It’s pretty clear that nationally and here in Georgia, the Republican base just isn’t ready to accept comprehensive immigration reform, which would include a form of amnesty. In a way, I get that. Yes, such reform is inevitable, largely because it’s the only plausible solution to the problem, but for some that’s a hard thing to acknowledge. People need time.
But frankly, I’m surprised by the aggressive tone of anti-immigrant legislation making its way through the 2014 Georgia General Assembly. It’s as if Republicans want to take every last possible opportunity to drive a permanent wedge between their party and the growing number of Hispanic voters in the state.Arabic, Chinese, French, German, Hindi, Japanese, Korean, Russian, Spanish, Turkish and Vietnamese. The road-sign test is given only in English.) is sponsored by state Sen. Don Balfour of Gwinnett County, who faces a tough re-election battle and apparently plans to use immigrant-bashing to distract attention from his string of ethical problems. The licensing provision in particular affects only legal immigrants — those here illegally aren’t eligible for a drivers’ license anyway. It constitutes a big “you’re not welcome here” sign, and I’m sure it would be viewed that way by executives at the Korea-based Kia Motors, which has a plant near West Point, and at Mercedes, BMW or any other multinational corporation thinking about locating here.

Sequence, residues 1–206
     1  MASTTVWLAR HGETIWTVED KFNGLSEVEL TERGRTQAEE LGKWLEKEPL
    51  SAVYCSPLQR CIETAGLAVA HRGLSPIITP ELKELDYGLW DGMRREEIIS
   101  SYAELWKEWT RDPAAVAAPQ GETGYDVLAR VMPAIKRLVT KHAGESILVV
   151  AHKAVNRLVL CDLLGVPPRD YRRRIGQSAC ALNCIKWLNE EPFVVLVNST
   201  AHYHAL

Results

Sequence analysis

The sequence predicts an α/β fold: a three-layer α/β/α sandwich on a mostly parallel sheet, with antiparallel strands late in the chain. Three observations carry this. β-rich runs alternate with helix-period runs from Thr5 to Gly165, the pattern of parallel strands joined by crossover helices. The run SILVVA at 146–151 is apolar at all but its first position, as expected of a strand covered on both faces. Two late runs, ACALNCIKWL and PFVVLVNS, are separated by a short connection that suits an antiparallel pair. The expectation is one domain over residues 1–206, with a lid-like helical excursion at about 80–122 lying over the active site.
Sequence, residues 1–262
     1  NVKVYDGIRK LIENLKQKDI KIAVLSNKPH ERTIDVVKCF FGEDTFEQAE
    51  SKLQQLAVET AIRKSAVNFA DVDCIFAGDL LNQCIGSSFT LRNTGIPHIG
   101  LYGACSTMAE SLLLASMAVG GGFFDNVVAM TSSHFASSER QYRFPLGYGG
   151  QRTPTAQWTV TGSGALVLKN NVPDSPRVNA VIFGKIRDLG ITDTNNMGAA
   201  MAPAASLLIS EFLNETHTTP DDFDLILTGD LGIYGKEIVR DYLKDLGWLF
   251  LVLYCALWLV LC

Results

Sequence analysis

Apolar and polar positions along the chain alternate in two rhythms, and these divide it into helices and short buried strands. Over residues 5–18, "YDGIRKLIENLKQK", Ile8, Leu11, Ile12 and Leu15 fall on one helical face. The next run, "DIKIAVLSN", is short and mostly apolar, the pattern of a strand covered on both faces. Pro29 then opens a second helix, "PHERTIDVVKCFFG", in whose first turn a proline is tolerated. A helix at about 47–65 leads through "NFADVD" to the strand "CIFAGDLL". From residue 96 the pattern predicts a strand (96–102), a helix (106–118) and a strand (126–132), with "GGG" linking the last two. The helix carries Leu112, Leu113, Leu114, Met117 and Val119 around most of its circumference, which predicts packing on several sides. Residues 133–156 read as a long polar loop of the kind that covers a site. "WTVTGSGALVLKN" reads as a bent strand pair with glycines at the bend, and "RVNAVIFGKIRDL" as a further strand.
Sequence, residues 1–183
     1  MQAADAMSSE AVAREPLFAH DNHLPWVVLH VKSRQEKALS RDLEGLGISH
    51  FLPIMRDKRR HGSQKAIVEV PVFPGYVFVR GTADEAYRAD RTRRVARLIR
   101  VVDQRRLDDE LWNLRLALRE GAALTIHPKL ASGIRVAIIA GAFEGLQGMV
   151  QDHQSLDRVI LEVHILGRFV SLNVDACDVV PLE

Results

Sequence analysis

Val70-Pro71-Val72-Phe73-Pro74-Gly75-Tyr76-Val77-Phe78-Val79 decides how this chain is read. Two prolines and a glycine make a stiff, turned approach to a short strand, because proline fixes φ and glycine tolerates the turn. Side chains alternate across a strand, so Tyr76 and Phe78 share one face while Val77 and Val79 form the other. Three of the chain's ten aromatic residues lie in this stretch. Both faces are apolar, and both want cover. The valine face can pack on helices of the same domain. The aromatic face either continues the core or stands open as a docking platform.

If approved by two-thirds of both the House and Senate, the measure would go on the November ballot, where I’m sure it would draw conservatives to the polls. However, that one-time political boost would come at the cost of lasting damage to the state’s economy and to the Republican Party’s effort to expand its political base. Given looming demographic change, that’s just foolish.
The same is true of Senate Bill 404, also making its way through the committee system and with some high-powered sponsorship. SB 404 would ban the issuance of drivers licenses to immigrants who have been granted federal “deferred action” status. That would include those who were brought here illegally as young children, have been educated here and know no other country. It would also include those granted temporary status as battered spouses or as parents of seriously ill children needing medical treatment. According to state officials, more than 10,000 such licenses have been issued in Georgia.
What possible purpose would be served by stripping those people of the right to drive legally? The bill strikes me as being mean simply for the pleasure of being mean. Unfortunately, the bill’s co-sponsors include the chairman of the Senate Government Oversight Committee, the chairman of the Senate Transportation Committee, the chairman of the Regulated Industries and Utilities Committee and the vice chair of the Senate Republican Caucus.
Senseless, mean-spirited bills like that have a way of being remembered for a long, long time. The memory will be handed down from parent to child to grandchild, poisoning the reputation of the GOP even among future generations who speak little or no Spanish, but who remain proud of their background.
And for what?
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